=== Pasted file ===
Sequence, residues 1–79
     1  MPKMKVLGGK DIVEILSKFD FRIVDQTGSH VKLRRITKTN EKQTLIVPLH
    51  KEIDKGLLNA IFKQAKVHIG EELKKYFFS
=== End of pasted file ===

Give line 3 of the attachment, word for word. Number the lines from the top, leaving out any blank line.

    51  KEIDKGLLNA IFKQAKVHIG EELKKYFFS